I made myself a snowball As perfect as could be. I thought I’d keep it as a pet And let it sleep with me. I made it some pajamas And a pillow for its head. Then last night it ran away, But first it wet the bed.
In this article your humble servant will introduce a Japanese plane called the Kiwaganna, meaning “skewed rabbet plane.”
This is an important handplane in common use in Japan, and one we sell, although it’s not well known in the West. So for the benefit our Beloved Customers, I will explain of some of the solutions learned over the years from senior Japanese craftsmen, and acquired during many decades of brutal study at the University of Stoopid, School of Hard Knocks (Lower Outhouse Campus), which may prove useful.
What is the Kiwaganna Handplane?
The Japanese Kiwaganna is written 際鉋 in Chinese characters, and pronounced kee/wha/gah/nah. “Kiwa” means “edge” or “verge,” and “ganna” means handplane.
While the design of the Japanese version is unique, as far as your humble servant is aware many other versions exist around the globe. The Japanese version has a wooden body, a laminated blade, and is significantly lighter in weight and smaller in volume than its counterparts. It is a superior tool, IMHO, but it can be quirky.
This plane can handle a number of tasks, but it specializes in planing a straight-sided groove or rabbet right up to an edge or line with a clean 90˚ inside corner. A common application is planing the tongue around the perimeter of a board to make the bottom of a drawer, or a panel in frame and panel construction. In construction work it is frequently used to pare and clean tenons in timbers, especially those cut with circular saws which tend to leave a step, and to fit finish woodwork, among many other tasks.
Craftsmen who use kiwaganna typically own a two-piece set comprised of a right-hand and left-hand version to deal with tight access and changing grain direction. But the right-hand version is the most popular by far.
This plane is of course used by joiners, cabinetmakers, sashimonoshi and furniture makers, but you would be surprised at how popular it is with carpenters and timber framers for cleaning the 90˚ inside corners of joints such as tenons.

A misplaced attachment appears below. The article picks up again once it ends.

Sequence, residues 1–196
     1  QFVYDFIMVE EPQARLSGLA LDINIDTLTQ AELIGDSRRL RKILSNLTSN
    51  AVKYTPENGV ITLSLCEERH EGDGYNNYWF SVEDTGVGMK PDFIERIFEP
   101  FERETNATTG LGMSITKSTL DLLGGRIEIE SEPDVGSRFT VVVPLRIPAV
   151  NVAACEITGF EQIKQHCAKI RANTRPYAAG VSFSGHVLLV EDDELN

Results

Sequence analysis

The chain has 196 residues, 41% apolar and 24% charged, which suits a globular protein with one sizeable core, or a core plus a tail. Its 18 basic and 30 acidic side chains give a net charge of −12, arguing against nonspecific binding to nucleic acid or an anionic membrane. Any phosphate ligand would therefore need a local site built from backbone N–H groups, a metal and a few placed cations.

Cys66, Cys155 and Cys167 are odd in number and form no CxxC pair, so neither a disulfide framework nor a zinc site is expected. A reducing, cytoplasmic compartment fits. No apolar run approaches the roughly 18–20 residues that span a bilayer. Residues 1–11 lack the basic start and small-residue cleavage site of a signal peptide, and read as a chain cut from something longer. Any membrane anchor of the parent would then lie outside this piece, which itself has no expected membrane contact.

In general, a skewed blade in a rabbet plane provides two benefits. The first is that the reaction forces pushing back on the blade include a vector that tends to push the plane towards the line, edge, inside corner or verge being planed to, making the plane more stable in the cut, an important factor where precision is necessary.
The second and most important benefit of the skewed blade, however, is the smoother cut and reduced tearout it makes possible, especially important when planing cross-grain.
Another benefit the skewed blade provides in the case of the Japanese kiwaganna is the point of the skewed blade penetrating the body of the plane and ending flush with the side of the body, making possible a zero-clearance cut to a line without the extra weight and cost of complicated mechanisms and reinforcing plates. It’s a deceptively simple but clever design.
Points to Keep In Mind
While a simple tool, the kiwaganna often proves frustrating to first-timers. Indeed, your humble servant struggled with kiwaganna for far too long before he figured them out. To avoid similar damage to brain and ego, Beloved Customers that wish to become proficient in using this elegant tool will find it useful to understand the following nine points.
1. First, a brief inspection of the body and the cuts made to receive the blade will make it clear that kiwaganna dai (body) are more fragile than that of regular hiraganna planes, so when adjusting the blade, please use a wooden, plastic or rawhide mallet, not a steel hammer.
2. When removing the blade, strike the dai at the same angle as the blade is inlet into the dai to reduce unnecessary stresses. This means you will hit the top corner of the dai on the side opposite where the blade’s point exits. Clip off and round over this corner of the dai with a knife or chisel to prevent your mallet from chipping the dai. Striking the opposite corner can have bad results.